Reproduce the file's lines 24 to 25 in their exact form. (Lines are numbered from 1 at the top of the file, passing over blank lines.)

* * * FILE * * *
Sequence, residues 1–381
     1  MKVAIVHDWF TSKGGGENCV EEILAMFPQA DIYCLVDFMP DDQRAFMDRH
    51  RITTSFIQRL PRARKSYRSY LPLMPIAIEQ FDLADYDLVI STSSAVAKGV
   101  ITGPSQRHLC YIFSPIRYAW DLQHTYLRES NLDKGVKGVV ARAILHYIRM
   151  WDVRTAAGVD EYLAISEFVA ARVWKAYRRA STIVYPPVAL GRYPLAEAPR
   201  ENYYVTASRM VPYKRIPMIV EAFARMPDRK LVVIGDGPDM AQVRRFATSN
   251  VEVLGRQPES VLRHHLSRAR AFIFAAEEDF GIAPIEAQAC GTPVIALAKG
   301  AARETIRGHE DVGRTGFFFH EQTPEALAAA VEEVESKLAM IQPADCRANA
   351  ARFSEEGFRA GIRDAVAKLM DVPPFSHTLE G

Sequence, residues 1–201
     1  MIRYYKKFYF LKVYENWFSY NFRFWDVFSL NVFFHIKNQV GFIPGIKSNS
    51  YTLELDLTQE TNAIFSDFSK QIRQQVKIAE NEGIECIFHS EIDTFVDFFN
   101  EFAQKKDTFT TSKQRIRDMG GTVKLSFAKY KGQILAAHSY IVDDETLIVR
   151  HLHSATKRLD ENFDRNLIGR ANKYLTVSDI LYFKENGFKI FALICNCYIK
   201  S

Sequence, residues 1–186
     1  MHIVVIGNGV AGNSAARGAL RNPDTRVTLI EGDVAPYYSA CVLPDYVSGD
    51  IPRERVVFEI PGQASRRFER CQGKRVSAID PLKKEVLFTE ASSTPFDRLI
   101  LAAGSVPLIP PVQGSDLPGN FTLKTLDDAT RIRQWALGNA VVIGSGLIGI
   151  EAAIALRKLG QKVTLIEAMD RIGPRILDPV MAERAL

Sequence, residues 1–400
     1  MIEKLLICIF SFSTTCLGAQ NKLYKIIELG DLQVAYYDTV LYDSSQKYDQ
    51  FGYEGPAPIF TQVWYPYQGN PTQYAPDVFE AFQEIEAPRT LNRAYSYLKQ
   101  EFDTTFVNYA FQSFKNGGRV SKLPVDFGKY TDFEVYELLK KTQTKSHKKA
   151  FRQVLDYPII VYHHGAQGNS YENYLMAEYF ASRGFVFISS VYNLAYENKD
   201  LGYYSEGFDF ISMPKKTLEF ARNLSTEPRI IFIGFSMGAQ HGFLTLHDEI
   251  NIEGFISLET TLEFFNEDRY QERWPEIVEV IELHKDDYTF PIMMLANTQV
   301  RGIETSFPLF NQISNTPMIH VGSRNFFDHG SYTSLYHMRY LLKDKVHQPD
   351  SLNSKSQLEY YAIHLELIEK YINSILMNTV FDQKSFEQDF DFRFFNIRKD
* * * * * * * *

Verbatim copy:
   101  EFDTTFVNYA FQSFKNGGRV SKLPVDFGKY TDFEVYELLK KTQTKSHKKA
   151  FRQVLDYPII VYHHGAQGNS YENYLMAEYF ASRGFVFISS VYNLAYENKD